Foreign affairs officials have been forced to review all contracts for New Zealand’s hosting of a major international summit, after the Auditor-General raised concerns about flaws in their procurement practices.

In August 2017, the government confirmed the dates for New Zealand’s hosting of the Asia-Pacific Economic Cooperation (APEC) forum in 2021.

The year-long schedule of events will culminate in the APEC Leaders’ Week in Auckland, expected to bring around 13,000 delegates and media to the city in early November 2021.

It will cost the Government up to $330 million to host the event, compared to $44m the last time New Zealand hosted APEC in 1999.

However, early issue have been raised with the Ministry of Foreign Affairs and Trade’s (MFAT) procurement processes as it tries to plan and deliver the event.

In a briefing to Parliament’s foreign affairs, defence and trade committee, the Auditor-General’s office said it had raised concerns with MFAT about the procurement of a consultant for work relating to the APEC event which “did not meet our good practice expectations”.

‘Appropriate rigour’ required

The Auditor-General had recommended that MFAT review all of its existing APEC contracts “to assure itself that existing arrangements are on a sound contractual basis and resulted from robust procurement processes”.

“MFAT will be procuring a range of products and services to support APEC, such as event management and accommodation. It will be crucial that MFAT manages these procurements with appropriate rigour.”

The Auditor-General’s office had previously identified “deficiencies in MFAT’s departmental procurement practices”, and while some changes had been made, more work was required, the briefing said.

Helen Colebrook, a sector manager for the Office of the Auditor-General, told Newsroom the contract was the only one it had looked at out of 18 APEC procurements completed at the time of the briefing.

Colebrook said the contract had been at the “upper end” of the contract values, which ranged from a few thousand dollars to $300,000.

In last year’s Budget, the Government moved money out of the APEC hosting budget to fund an increase to New Zealand’s overseas aid programme – against the advice of Treasury officials, who warned no money had yet been allocated for hosting the event.

National’s foreign affairs spokesman Todd McClay says it is “imperative” that APEC contracting processes are handled properly, given it will showcase New Zealand to the world. Photo: Lynn Grieveson

National’s foreign affairs and trade spokesman Todd McClay said it was “imperative” that the contracting processes were handled properly, given the importance of the event.

“New Zealand will be on the world stage, it is a very very large event and there’s a significant amount of taxpayer money that is going into it, so we just need to make sure that absolutely all the proper processes are being followed.”

McClay said the foreign affairs committee had received assurances from MFAT that it was addressing the issues, but added the topic was “certainly something we’ll be keeping an eye on”.

Given the large amount of procurement carried out by MFAT in aid and development assistance, its internal processes had to be “absolutely robust”.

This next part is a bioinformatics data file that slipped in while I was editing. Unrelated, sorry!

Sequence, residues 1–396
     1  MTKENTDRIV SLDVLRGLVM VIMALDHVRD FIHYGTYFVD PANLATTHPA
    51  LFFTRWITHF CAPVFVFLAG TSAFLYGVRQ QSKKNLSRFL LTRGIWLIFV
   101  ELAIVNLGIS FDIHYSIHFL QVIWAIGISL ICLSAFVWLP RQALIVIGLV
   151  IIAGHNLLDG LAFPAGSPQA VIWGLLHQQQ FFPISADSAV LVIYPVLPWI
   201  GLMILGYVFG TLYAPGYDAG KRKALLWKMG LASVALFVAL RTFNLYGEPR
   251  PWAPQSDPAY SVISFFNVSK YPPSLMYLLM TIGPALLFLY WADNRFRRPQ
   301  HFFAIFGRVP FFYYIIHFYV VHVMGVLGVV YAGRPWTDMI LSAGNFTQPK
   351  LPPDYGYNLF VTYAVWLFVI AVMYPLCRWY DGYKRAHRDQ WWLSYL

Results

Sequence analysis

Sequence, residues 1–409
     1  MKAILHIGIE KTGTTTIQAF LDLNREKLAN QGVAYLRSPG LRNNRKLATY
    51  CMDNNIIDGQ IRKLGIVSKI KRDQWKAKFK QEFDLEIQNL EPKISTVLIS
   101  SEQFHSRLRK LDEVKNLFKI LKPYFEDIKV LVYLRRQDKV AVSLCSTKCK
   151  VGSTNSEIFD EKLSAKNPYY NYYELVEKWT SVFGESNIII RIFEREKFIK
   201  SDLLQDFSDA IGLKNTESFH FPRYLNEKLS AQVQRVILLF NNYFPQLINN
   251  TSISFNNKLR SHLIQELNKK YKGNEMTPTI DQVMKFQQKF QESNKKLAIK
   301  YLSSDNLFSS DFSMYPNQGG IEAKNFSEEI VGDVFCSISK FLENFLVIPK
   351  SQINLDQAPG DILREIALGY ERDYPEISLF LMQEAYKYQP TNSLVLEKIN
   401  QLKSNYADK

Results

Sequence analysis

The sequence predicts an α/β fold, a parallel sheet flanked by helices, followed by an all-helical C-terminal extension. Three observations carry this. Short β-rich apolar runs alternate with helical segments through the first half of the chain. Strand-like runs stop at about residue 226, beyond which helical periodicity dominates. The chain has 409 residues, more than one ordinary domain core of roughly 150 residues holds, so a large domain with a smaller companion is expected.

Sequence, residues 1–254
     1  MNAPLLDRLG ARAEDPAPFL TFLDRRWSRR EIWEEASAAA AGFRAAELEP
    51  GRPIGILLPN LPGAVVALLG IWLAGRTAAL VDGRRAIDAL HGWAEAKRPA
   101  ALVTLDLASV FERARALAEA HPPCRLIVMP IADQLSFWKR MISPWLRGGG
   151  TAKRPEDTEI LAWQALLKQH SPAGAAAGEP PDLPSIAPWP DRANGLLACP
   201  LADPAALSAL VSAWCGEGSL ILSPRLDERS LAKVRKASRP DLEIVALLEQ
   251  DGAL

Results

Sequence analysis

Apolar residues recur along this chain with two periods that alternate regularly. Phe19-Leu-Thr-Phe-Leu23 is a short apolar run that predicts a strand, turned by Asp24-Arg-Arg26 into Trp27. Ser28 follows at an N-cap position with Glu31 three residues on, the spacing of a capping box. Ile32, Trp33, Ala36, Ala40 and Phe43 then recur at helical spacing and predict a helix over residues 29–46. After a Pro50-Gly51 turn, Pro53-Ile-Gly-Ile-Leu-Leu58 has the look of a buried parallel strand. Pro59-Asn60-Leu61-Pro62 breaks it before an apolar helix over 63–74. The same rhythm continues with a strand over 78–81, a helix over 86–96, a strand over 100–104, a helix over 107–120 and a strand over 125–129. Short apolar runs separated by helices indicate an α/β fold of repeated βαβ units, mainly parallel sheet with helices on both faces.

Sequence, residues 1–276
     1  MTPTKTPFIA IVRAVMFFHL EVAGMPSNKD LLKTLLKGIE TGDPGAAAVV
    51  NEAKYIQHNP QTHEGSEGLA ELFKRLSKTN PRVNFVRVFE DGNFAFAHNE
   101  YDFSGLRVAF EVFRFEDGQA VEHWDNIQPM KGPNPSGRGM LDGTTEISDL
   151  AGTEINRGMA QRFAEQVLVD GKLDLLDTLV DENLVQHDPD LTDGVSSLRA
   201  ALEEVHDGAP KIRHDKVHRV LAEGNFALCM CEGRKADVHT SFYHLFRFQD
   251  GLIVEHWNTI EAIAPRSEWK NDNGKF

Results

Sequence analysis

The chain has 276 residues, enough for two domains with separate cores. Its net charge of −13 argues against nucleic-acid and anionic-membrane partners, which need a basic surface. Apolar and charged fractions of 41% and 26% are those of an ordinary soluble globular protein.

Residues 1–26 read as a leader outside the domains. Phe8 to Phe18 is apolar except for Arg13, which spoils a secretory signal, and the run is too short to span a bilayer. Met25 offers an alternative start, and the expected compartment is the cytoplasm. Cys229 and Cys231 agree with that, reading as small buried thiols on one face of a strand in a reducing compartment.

“If you look at the amount of money that’s been spent in the Pacific alone, the taxpayer is right to be assured that processes are followed and they’re getting value for money.”

The Auditor-General briefing concluded that procurement for New Zealand’s overseas aid programme was “well planned and managed”.

An MFAT spokeswoman told Newsroom the APEC procurement which led to the review was for a project manager consultancy service. The audit had raised issues with the ministry’s processes for declaring conflicts of interest, its plans and documentation for different procurement processes, and recording where evaluation and assessment criteria had come from.

The procurement “occurred during the programme start-up phase and prior to having long-term budget certainty and internal procurement expertise”, the spokeswoman said.

“We acknowledge that under pressure to deliver and in the absence of expert procurement advice within the programme, the demonstration of this intent was not well-documented.”

As officials worked hard to meet deadlines for business cases, they often required access to contractors with specialist skills and specific security clearances, “often on an immediate and short-term basis”.

“The intentions of the team were to conduct fair, and value-for-money procurement processes.

“We acknowledge that under pressure to deliver and in the absence of expert procurement advice within the programme, the demonstration of this intent was not well-documented.”

The review of all APEC contracts was still under way and expected to be completed by the end of June. In parallel with that process, the ministry had appointed a probity adviser, as well as an APEC commercial manager, professional services manager and finance administrator.

“We are working to support all managers with clear procurement and recruitment strategy, process and guidelines which differentiate between financial controls and procurement controls.”

MFAT was also providing ongoing training which covered “key concepts such as conflict of interest”, the spokeswoman said.

Foreign Affairs Minister Winston Peters was unavailable to comment at the time of publication.

Sam Sachdeva is Newsroom's national affairs editor, covering foreign affairs and trade, housing, and other issues of national significance.

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